Amantha Perera reports on the recent Maldivian poll and China’s grip on the archipelago

About three weeks before Maldivians went to the polls, a rather cheeky headline appeared in the Maldives Independent. “Massive erection of Maldives President spotted in the capital,” claimed the feisty newspaper known for its critical coverage of Abdulla Yameen’s presidency.

The article was about a giant cutout of Yameen that had been set up near a new bridge funded by China that linked the main island of Malé with its airport. It was symbolic of Yameen’s tenure, which was tilted to China and Saudi Arabia while moving away from New Delhi’s orbit.

And the similarities with Sri Lanka both pre and post-January 2015 don’t end there…

During the early hours of 25 September, a grainy video appeared on the web showing a group of men tearing down a giant Yameen cutout in the capital since his presidency had come tumbling down the night before.

Yameen had secured only 96,142 (42%) of the votes compared to opposition candidate Ibrahim Mohamed Solih who polled 134,616 (58%). Solih never wanted to be the presidential candidate but like what happened in Sri Lanka nearly four years ago, he was forced into contesting due to the high-handedness of the Yameen regime.

Mohamed Nasheed, Yameen’s main rival, was first jailed and then forced into exile. He was also barred from contesting the polls and many observers felt that Yameen was making sure that his own reelection would be a mere formality. He also jailed his stepbrother and the man who ruled the Maldives for three decades – Abdul Gayoom.

Yameen’s rule had seen the Maldives increasingly shift towards China’s ambit.

That country’s lending to the Maldives stands at around US$ 1.3 billion, according to the US based Center for Global Development. While it’s a fraction of Sri Lanka’s debt to the Chinese (which is estimated to be over 10 billion dollars), the Maldivian loan portfolio is more than a quarter of the archipelago’s GDP.

The China tilt was quite evident during an event held shortly before the election. Yameen was to declare open a new bridge constructed with Chinese funds and expertise. However, the envoys of Sri Lanka, India and Bangladesh boycotted the opening, which was confirmed by the media as well as the Foreign Office in Colombo.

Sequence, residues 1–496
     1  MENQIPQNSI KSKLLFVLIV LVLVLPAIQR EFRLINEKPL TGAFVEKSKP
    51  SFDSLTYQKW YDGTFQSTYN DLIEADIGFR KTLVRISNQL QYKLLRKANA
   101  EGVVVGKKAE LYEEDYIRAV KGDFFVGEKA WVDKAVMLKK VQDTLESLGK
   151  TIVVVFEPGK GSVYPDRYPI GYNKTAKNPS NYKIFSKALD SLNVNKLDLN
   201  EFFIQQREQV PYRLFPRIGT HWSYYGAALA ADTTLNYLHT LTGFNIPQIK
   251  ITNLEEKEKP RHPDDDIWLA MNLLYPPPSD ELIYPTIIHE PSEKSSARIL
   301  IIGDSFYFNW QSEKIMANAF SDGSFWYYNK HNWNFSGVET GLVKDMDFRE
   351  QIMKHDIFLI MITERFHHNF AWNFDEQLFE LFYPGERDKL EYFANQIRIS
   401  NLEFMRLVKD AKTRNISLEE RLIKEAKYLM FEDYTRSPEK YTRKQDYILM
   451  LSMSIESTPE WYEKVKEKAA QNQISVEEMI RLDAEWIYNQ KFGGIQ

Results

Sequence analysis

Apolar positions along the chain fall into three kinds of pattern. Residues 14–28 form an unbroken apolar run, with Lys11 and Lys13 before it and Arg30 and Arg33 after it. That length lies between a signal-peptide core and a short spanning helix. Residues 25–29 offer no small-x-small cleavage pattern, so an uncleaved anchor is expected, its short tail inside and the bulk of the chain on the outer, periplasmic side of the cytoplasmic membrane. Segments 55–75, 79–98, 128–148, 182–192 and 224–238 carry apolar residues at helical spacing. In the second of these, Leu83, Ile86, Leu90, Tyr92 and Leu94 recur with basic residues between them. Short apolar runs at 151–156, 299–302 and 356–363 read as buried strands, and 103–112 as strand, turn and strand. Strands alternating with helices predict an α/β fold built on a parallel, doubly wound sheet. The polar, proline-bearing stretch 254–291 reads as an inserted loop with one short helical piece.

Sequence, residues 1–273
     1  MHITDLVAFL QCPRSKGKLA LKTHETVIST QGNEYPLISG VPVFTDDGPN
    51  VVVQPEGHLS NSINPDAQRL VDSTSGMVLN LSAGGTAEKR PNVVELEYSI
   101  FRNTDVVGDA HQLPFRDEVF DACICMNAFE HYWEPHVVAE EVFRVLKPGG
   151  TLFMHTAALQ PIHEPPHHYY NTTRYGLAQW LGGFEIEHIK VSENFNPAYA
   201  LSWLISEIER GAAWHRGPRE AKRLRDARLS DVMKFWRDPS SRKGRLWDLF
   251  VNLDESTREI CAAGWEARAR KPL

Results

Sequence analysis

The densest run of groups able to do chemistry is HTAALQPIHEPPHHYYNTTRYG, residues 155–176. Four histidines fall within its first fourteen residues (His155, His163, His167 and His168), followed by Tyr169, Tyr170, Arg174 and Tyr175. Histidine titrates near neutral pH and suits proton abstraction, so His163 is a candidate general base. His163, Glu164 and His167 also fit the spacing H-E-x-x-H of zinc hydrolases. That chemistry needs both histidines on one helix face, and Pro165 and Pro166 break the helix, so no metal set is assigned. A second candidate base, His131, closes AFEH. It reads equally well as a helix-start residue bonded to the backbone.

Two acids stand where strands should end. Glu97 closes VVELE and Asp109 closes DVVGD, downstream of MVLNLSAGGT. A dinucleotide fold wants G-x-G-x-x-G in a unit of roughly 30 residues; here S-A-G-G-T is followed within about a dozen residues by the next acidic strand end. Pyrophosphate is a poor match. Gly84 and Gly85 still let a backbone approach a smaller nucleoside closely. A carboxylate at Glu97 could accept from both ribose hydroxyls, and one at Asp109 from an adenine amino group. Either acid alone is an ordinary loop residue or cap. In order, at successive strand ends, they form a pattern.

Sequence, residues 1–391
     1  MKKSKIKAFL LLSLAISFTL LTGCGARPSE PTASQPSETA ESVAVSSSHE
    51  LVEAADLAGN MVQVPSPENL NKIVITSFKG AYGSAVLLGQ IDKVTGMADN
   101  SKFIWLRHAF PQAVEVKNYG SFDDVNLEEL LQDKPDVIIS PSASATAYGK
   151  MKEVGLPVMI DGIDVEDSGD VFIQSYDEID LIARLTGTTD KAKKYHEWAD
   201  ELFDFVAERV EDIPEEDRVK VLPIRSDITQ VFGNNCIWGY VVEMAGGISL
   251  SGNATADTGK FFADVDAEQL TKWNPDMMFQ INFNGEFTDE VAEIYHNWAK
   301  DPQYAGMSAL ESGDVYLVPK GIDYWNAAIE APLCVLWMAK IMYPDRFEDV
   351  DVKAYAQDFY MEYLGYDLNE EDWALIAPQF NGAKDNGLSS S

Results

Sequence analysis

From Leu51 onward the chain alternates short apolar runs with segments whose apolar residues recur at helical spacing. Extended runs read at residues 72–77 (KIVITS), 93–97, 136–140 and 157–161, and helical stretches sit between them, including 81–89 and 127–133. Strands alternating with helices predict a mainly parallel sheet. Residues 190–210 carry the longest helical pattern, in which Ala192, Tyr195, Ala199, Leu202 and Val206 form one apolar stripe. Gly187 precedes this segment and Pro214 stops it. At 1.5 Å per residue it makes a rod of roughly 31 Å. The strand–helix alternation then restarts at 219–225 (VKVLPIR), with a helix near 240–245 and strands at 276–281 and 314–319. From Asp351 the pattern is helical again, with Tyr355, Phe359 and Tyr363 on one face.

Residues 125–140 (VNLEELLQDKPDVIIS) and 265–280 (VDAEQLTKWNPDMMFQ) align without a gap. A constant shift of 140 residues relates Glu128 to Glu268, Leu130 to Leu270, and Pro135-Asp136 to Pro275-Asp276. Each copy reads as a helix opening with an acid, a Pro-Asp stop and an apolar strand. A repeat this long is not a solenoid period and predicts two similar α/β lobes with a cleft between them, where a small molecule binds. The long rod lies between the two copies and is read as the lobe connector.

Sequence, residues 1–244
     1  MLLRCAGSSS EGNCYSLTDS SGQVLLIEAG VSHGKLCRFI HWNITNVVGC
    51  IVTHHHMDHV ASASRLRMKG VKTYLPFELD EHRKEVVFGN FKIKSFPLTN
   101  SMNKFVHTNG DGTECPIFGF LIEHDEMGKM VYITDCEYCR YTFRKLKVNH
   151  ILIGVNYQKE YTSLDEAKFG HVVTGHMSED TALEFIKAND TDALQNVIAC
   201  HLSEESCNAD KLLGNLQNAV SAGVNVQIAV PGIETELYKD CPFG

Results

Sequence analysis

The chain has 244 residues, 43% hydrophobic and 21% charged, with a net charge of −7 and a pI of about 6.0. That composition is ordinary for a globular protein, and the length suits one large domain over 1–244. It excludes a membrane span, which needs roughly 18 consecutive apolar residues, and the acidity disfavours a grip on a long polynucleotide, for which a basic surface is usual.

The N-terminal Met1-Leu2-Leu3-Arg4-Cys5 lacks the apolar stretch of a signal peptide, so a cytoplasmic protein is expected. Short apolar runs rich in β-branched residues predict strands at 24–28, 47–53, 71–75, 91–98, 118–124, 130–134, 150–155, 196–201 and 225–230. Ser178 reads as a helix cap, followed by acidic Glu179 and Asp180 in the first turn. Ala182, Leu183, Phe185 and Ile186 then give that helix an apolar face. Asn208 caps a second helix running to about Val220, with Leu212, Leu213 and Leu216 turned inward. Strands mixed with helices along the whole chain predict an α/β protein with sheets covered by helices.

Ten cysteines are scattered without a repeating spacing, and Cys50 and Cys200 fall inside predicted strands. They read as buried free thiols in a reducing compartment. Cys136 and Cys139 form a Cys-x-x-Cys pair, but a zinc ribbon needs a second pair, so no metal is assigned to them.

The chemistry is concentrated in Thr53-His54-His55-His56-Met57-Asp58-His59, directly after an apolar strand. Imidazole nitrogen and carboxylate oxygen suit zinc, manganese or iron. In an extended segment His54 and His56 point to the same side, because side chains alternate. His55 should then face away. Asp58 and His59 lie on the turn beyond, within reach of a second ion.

The reason for the boycott was apparently because ofthe high-handedness of the presidential security, which required the envoys to alight from their vehicles and walk some distance to the event while allowing the Chinese ambassador to drive right up to the main podium. Ironically, Colombo and New Delhi were among the first nations to recognise Solih’s victory even before the official results were announced. It was this kind of international recognition that allowed the victory to remain unchallenged.

Yameen’s rule had also seen the archipelago – better known the world over as a honeymooners’ haven – move closer to Saudi Arabia. In June 2017, when the latter started a diplomatic blockade on Qatar, the Maldives was one of the few countries outside the Middle East that supported the Saudis.

There is a massive King Salman mosque being built in Malé at an estimated cost of US$ 24 million and Nasheed has said he fears over 200 Maldivians may have joined ISIS.

Freedom of expression is also literally taking a beating in the Maldives. Maldivian journalists have been complaining that space for free expression is being limited due to extremist elements.

My work in the Maldives began as a media strategist training journalists. Soon I was drawn into a crowd of young journalists who were committed but well and truly out of their depth. A group of us in Sri Lanka set up networking meetings for them, and ensured that the Maldivian scribes stayed on the straight and narrow.

As the election approached, their anxieties deepened. I met the group three weeks before the poll when most were convinced that Yameen would rig it and win. Days before the election, a human rights activist told me that even though the opposition rallies were well attended, they feared the result was a foregone conclusion.

As counting began and the first results started trickling in from the resort islands, they showed the opposition holding a strong lead but the expectation was that Yameen would win. By midnight Colombo time, with almost 70 percent of the ballots having been counted, the lead held and the end of the Yameen administration was sealed.

The comparisons to Colombo’s dealings with China soon after the January 2015 presidential election were inevitable.

While China may take a back seat right now, it is unlikely to lose much of its sway in the Southern Indian Ocean region – for starters, there’s a matter of the US$ 1.3 billion debt owed by the Maldives. And no one has deeper pockets than Beijing; no one comes even close. China’s Belt and Road Initiative isn’t child’s play – it is a multi-nation global plan that covers 70 countries by some counts.

The Maldives and many other countries shouldn’t make the same mistakes that Sri Lanka did. ‘Exhibit A’: Don’t build an airport in the bush with the closest town being 20 kilometres away. ‘Exhibit B’: Don’t build highways linking that airport to civilisation when there’s nothing but scrub jungle on either side.

Nevertheless, the more worrying issue is whether the new Maldivian government can slow the slide towards extremism, which is far more dangerous to the region than Sri Lanka’s nonfunctional airport.